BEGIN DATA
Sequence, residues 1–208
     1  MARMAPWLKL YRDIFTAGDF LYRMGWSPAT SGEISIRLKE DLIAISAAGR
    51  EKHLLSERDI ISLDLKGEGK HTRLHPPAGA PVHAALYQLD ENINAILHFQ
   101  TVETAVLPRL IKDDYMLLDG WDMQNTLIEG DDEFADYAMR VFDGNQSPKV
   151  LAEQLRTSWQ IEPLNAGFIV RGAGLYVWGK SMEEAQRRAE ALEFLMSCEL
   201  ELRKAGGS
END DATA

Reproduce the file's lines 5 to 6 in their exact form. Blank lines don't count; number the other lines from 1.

   151  LAEQLRTSWQ IEPLNAGFIV RGAGLYVWGK SMEEAQRRAE ALEFLMSCEL
   201  ELRKAGGS